Bob McMurray: Armstrong on a long, hard road
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As the Castrol Toyota Racing Series heads into round two today at the world’s most southerly circuit, Teretonga Park in Invercargill, it is already clear there are some real stars of the future taking part — none less so than Kiwi Marcus Armstrong.
There is apparently one other race circuit further south in latitude terms, the wonderfully named “Carlos Romero” track in Tolhuin, Argentina, but that track, is not FIA recognised for international events.
Tolhuin’s main claim to fame was as the site of the Top Gear incident when the stars and their film crew were attacked with stones over a provocative car number plate.
The Teretonga circuit is close to the coast, virtually on Oreti Beach, and tends to experience weather extremes.
Since the TRS has been racing at the track, the weekend event has proven to be one of the coldest, wettest, hottest, windiest and driest of the season.
Preparing for every eventuality is the order of the day.
At the season’s first event, last weekend at Ruapuna in Christchurch, 16-year-old local boy Armstrong travelled almost the entire gamut of race driver emotions.
He missed a pole position by just 1/1000th of a second, won a race, benefited from the misfortunes of others in getting promoted from a fifth place to a podium position, went off track unaided, then crashed out of a race by his own hand.
There is not much more you can cram into one race weekend.
Armstrong, like his fellow Kiwi drivers in this year’s TRS season, Brendon Leitch and Taylor Cockerton, is a graduate of the Motor Sport New Zealand Elite Academy and all three have received support from the Kiwi Driver Fund.
Armstrong, however, has also been selected as a driver of the future by the Ferrari Driver Academy, in itself a clear indication that he is seen as a rare talent.
As a trustee of the Elite Academy I saw Armstrong at a relatively early stage in his career.
He was brash, precocious perhaps, even prone to the occasional lapse of judgment and concentration.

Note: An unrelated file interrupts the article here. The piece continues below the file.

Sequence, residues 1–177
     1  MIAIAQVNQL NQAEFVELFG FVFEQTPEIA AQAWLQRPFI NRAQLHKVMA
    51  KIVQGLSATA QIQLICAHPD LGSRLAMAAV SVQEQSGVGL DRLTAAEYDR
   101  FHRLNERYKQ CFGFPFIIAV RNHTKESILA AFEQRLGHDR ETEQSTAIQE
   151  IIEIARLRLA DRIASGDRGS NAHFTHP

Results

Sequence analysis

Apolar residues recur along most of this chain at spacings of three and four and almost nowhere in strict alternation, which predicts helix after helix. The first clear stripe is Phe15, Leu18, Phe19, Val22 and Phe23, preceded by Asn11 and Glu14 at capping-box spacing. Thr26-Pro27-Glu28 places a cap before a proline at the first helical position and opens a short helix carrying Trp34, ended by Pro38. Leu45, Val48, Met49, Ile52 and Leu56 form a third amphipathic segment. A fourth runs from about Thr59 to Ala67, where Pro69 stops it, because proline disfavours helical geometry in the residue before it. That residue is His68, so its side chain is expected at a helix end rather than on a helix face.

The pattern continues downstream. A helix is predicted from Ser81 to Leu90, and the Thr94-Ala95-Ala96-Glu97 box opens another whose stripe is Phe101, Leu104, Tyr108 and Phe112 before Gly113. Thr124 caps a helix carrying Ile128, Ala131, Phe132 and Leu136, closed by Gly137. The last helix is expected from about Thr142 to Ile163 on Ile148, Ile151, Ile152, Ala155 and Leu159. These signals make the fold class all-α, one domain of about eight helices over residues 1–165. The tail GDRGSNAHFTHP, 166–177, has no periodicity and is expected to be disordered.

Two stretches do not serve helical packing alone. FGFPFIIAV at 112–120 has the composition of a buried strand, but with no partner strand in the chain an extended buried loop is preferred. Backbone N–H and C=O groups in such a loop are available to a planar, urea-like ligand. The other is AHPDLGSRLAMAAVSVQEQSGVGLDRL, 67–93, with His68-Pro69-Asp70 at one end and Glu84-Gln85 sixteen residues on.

The young man who raced at Ruapuna was confident, mature despite his still tender years, patient with the endless requests for interviews and autographs and showed a demeanour I have witnessed in only the very best of Formula 1 drivers.
He had a calmness about him and a clear look in his eyes that conveyed a dedication to his end goal.
He made mistakes in the car and his third race of the weekend was nothing short of a mess for him but he immediately fronted and owned the situation without trying to deflect the blame.
He was quoted after the race, “It’s a junior series, we all make mistakes, that’s what we’re here to do, iron out those mistakes. We shouldn’t have been in the race to be fair. I’d done silly things in the beginning and to get up to eight or nine was a miracle in itself.
“There was a bit of immaturity to be fair. That was completely and utterly my fault. We’ve had an up and down weekend but we’ll keep fighting.”
We can be proud of all three Kiwi drivers in this year’s series.
There are other drivers with far more track experience and more resources to exploit that talent, but our guys are showing they are as competitive as anyone.
The list of drivers who have showed enormous potential in their early years and failed to achieve their goal is extensive.
It will be a long, hard road but there is no doubt that at this time of his career, Marcus Armstrong is a special talent and could well be the next one to try to batter down the door to get to be a Kiwi driver in Formula 1.